So, this movie is hilarious. As the preview shows, Woody Allen just took an old Japanese spy movie, edited it, and dubbed in silly vocals to make a ridiculous picture. It reminds me a lot of Kung Pow: Enter The Fist in that way. No, this movie will not make you smarter or impress your hipster friends, but if you’re looking for a knee-slapper, it does a decent job.
Rating comedies? Rating comedies can be tough, which is why my rating system is functional for me, because it does not matter if I feel the movie is artistic or silly, complex or simple. In this regard, I rather enjoyed watching this film, and while it is tough to rate on qualities like acting, sound, direction, etc., I feel like I can talk about it for its writing and innovation. In these two categories, I think it’s quite good.
Verdict? To me, this movie is a solid Laptop-worthy. It will not blow your mind, but if you’ve got nothing to do tonight, have a friend over, make some chili-cheese dip, and turn this thing on. You’ll enjoy it … and if you don’t, if you can’t enjoy a silly movie for being silly … I don’t know what to tell you. Just remember that smart people like silly things too.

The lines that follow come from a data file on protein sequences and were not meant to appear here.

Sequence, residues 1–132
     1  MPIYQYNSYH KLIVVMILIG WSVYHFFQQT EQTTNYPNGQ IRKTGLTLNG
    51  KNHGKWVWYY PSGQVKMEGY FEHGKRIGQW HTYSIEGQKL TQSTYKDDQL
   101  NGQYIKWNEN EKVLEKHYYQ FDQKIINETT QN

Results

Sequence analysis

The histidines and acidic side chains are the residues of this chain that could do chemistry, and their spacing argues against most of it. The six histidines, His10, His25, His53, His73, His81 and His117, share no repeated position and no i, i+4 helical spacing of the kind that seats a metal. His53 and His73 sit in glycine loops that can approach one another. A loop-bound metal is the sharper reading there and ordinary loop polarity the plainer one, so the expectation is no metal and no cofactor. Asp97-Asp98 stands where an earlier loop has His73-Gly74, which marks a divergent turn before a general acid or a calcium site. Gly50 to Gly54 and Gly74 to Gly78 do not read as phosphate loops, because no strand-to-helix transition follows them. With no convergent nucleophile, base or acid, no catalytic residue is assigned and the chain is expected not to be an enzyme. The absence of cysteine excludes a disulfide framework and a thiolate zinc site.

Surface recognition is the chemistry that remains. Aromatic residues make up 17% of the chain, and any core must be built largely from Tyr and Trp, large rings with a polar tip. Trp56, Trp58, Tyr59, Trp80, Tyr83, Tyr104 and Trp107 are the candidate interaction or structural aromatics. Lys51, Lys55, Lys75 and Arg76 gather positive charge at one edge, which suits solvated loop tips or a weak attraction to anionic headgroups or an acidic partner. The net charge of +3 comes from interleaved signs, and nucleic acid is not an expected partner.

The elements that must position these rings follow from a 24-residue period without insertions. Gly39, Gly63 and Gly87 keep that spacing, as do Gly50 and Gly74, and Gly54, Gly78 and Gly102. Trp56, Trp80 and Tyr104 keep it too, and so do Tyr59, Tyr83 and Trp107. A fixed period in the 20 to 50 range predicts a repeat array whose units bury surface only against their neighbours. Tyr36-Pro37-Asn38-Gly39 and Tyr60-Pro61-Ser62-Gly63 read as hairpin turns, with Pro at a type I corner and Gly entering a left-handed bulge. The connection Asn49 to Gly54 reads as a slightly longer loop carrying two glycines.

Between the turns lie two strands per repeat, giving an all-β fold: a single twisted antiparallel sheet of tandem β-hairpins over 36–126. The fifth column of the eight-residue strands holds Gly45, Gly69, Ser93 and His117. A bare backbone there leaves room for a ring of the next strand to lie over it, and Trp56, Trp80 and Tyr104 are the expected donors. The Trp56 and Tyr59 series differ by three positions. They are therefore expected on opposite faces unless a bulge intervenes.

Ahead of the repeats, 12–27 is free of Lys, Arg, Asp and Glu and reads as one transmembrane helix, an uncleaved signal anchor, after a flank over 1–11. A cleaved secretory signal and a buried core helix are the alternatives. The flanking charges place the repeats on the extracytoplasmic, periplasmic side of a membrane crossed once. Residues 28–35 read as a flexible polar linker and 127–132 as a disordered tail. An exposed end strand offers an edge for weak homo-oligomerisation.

Oh! Almost forgot. One perk about this movie is that you can watch the entire thing for free on YouTube here. Enjoy!
Good evening. I don’t remember when I first saw my first Hitchcock flick, nor do I remember which it was, but I know I loved it. I was a teenager, and for the next while, I ravenously pursued and watched every Hitchcock film I could get my hands on. When I think about his movies, I think of homemade popcorn, Mountain Dew, and my parents’ basement. I still watch his movies any time they get played in theatres. Psycho to this day still freaks me out, though my personal favorite of his is Lifeboat.
Hitchcock set a standard of classic films for me. He wasn’t a one-trick pony either. He didn’t just live in horror and suspense. He could tell a beautiful love story, a baffling spy thriller, or a politically-charged drama. So, naturally, when I heard they were doing a biopic of him starring the great Anthony Hopkins, I knew I had to see it.